The religious paintings of Rogier van der Weyden are full of emotional power, ranging from the tenderness of a mother’s love to the intensity of Jesus’ death.
For many years, visitors to the Prado Museum have been confronted by the overwhelming impact of “The Descent From the Cross” (c. 1435), a monumental painting filled with the anguish of witnessing Christ’s death. And now, the artist who created it has become the focus of a special exhibition at the Prado that also contains many major loans from other collections. His name is Rogier van der Weyden, and the range of work brought together here reveals an impressive eloquence. Born in Tournai in present-day Belgium about 1399, he subsequently moved to Brussels and became the city’s official painter before dying there in 1464. The only other Flemish artist of that period who equals him is Jan van Eyck, and both artists used the new medium of oil painting on panel with dazzling realism. But this Prado survey, which celebrates the museum’s successful restoration of a late painting called “The Crucifixion,” commands an emotional power that distinguishes Van der Weyden throughout his career.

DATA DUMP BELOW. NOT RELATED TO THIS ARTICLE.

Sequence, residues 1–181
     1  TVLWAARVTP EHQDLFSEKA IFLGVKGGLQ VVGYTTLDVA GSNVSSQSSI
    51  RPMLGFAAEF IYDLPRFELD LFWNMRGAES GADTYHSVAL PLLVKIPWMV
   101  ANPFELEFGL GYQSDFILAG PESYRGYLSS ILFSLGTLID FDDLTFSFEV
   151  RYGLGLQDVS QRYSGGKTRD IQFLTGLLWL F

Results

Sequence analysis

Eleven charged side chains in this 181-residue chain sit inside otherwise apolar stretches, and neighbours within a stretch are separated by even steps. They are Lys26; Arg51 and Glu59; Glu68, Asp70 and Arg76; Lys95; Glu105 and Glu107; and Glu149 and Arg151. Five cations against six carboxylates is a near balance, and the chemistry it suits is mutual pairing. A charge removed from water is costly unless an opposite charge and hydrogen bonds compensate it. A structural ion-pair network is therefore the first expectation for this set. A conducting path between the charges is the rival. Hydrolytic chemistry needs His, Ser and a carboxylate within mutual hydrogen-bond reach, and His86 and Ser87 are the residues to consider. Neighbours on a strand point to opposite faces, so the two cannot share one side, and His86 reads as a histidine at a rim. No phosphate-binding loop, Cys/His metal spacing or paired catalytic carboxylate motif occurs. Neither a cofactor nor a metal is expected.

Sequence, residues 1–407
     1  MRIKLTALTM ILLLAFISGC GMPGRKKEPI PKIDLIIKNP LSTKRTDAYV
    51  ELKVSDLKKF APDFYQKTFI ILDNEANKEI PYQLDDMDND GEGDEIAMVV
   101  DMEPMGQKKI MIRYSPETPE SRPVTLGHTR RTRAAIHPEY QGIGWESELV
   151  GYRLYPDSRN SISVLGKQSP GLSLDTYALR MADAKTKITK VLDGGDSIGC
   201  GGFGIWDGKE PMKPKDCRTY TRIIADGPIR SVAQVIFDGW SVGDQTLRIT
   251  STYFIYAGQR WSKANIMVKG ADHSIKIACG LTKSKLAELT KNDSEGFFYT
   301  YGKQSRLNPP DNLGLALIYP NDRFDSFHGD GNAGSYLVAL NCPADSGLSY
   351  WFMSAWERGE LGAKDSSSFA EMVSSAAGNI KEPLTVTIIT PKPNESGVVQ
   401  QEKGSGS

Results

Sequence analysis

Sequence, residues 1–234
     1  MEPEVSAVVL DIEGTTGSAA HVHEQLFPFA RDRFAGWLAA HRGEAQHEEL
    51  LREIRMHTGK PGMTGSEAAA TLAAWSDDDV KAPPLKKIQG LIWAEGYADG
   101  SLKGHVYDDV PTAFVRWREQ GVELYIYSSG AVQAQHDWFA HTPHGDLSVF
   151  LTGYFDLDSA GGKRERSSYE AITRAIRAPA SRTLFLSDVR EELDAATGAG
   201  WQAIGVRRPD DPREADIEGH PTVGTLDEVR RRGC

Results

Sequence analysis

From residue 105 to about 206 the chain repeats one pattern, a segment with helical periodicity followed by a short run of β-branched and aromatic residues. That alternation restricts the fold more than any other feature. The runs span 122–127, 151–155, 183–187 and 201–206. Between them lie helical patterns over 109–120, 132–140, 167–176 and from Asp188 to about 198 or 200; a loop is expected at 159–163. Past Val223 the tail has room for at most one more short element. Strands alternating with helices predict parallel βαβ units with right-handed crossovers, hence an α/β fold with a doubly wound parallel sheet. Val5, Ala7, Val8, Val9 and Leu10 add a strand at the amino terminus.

Not all his paintings are harrowing. One of the earliest works on display is the Prado’s own gentle panel of 1435-38 showing “The Virgin and Child,” also known as the “Duran Virgin.” Mary is shown seated in a niche, like a sculpture projecting from the wall of a church. Above her hovers a small angel, tenderly holding an elaborate crown over the Virgin’s head. Like everything in Van der Weyden’s oeuvre, the crown is depicted with an astonishing grasp of realism. It became the hallmark of his radical art, and yet he attached even more importance to conveying the most heartfelt feelings in the figures who inhabit his paintings.